CLEVELAND: For anyone who didn’t realize Washington Redskins rookie sensation Robert Griffin III was inactive Sunday with a sprained right knee, the quarterback statistics after the Browns’ 38-21 loss in their final home game of the season might have had them convinced otherwise.
But the rookie quarterback who racked up 329 passing yards, two touchdowns and a 104.4 passer rating in directing the Redskins’ offensive attack wasn’t the famed RG3 but Kirk Cousins, Griffin’s backup.
“Kirk played a good game,” Browns running back Trent Richardson said. “Their whole offense, their playing style, their game plan was a good plan. It was something that tore us up. Not to be ashamed of my defense or nothing like that, not to say anything bad about my defense, but [the Redskins] did what they did and they won the ballgame.”
Early in the first quarter, the Browns’ defense seemed fired up, determined to make the most of not having to face Griffin. Strong safety T.J. Ward recorded his first interception of the season after veteran cornerback Sheldon Brown tipped a pass from Cousins. Ward caught the deflection and returned the ball 37 yards to the Redskins’ 6-yard line, with Richardson’s ensuing 6-yard score giving the Browns the early lead.
But after the Browns’ defense forced the interception and four three-and-outs on the Redskins’ first five series, Washington adjusted its game plan in an effort to help buy Cousins, a fourth-round pick out of Michigan State, more time. That’s when Cousins started rolling out of the pocket on play-action bootlegs and other misdirection plays.
“This isn’t my first rodeo,” Cousins said. “I did play a lot of football in the Big Ten. I had games like that where I start slow, [but] you gotta have character. You gotta find it in yourself to dig deep and keep pushing.”
The Browns’ defense never rebounded. And with the offense struggling to get much going on its end, the reeling defense was stuck on the field for all but eight minutes, 32 seconds of the second half.
Although Browns defensive players including Brown, linebacker D’Qwell Jackson and defensive end Jabaal Sheard believed they had Cousins on the ropes early, all were impressed with how he bounced back and went on to methodically pick them apart.
“We had him rattled early,” Brown said. “For him to come back and show the poise that he did, it was impressive. … We came out gangbusters and then you see what happened toward the end of the game. [Cousins] came out at halftime and didn’t pee a drop.”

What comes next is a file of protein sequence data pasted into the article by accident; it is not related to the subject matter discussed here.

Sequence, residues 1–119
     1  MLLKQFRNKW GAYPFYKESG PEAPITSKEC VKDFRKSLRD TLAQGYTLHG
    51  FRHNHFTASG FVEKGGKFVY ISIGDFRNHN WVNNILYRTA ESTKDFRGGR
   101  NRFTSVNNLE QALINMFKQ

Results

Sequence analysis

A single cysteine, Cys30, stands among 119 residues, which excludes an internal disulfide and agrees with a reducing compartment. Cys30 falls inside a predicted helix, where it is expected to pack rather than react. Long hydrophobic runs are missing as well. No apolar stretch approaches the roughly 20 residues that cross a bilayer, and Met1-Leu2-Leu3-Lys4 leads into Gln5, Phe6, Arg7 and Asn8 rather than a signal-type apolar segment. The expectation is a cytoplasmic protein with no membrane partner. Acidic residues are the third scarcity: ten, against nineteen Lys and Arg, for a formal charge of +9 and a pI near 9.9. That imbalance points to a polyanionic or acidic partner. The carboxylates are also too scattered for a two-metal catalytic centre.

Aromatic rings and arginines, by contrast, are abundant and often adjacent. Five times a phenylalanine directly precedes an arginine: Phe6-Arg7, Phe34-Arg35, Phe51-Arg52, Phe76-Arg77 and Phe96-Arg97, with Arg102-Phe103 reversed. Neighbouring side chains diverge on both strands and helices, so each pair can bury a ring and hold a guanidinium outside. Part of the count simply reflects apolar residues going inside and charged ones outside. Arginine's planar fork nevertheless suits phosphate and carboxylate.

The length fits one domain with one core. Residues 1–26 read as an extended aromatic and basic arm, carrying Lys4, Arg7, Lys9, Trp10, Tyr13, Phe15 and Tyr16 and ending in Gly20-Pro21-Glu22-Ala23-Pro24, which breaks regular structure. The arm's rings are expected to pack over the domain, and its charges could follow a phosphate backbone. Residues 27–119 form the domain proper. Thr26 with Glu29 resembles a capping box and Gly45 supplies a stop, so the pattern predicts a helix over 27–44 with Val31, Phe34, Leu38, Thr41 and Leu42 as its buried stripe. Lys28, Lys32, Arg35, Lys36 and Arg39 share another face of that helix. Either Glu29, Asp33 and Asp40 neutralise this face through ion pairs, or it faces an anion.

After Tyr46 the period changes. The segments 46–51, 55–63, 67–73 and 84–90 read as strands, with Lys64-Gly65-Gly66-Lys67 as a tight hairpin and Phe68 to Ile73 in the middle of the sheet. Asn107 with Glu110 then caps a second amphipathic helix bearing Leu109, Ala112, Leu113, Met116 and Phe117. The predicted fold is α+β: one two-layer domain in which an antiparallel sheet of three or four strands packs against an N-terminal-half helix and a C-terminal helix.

Cousins’ effectiveness in the passing game was helped in large part by the Redskins’ No. 1-ranked rushing offense.
“They run the ball well,” Brown said. “They get people to suck up on the line of scrimmage and then they get the open routes underneath right behind the coverage. They had a quarterback in space that was able to make some throws down the field with no pressure in front of him.”
As he began to settle in, Cousins targeted former Mount Union standout Pierre Garcon a game-high 12 times, with Garcon catching six passes for 65 yards.
“You gotta give them all the credit, they were doing a really good job with the play action and their running game was pretty good,” cornerback Joe Haden said. “When you get the back end sucked up they run those quick dig routes that are really, really hard to cover.”
Cousins connected with veteran receiver Santana Moss five times for 57 yards and also threw touchdown passes of 54 and 2 yards to receiver Leonard Hankerson.
“When we thought it was going to be a run, it was a pass,” Haden said. “When we thought it was a pass, they ran. You felt off-balanced. You didn’t really know what they were doing.”
Even if it seemed like the Redskins were moving the ball on the same basic play-action fake all afternoon.
“You don’t think a boot will have that much success against a defense, but it did because of the stretch that they run,” Jackson said. “The offensive linemen look exactly the same versus a run or pass. … It’s hard to defend 15 boots. That’s something that usually happens on third-and-short or fourth down.”
Cousins is inexperienced, but his savvy play and calm demeanor reminded Brown of a former NFL veteran quarterback.
“Just like Jake Plummer back in his Denver days,” Brown said. “You know, run the ball, run the ball, boot. So the game plan from that to [what] RG3 [would have run], it was totally different.”
Stephanie Storm can be reached at firstname.lastname@example.org. Read the Browns blog at http://www.ohio.com/flashes. Follow her on Twitter at http://twitter.com/SStormABJ and on Facebook at http://www.facebook.com/sports.abj.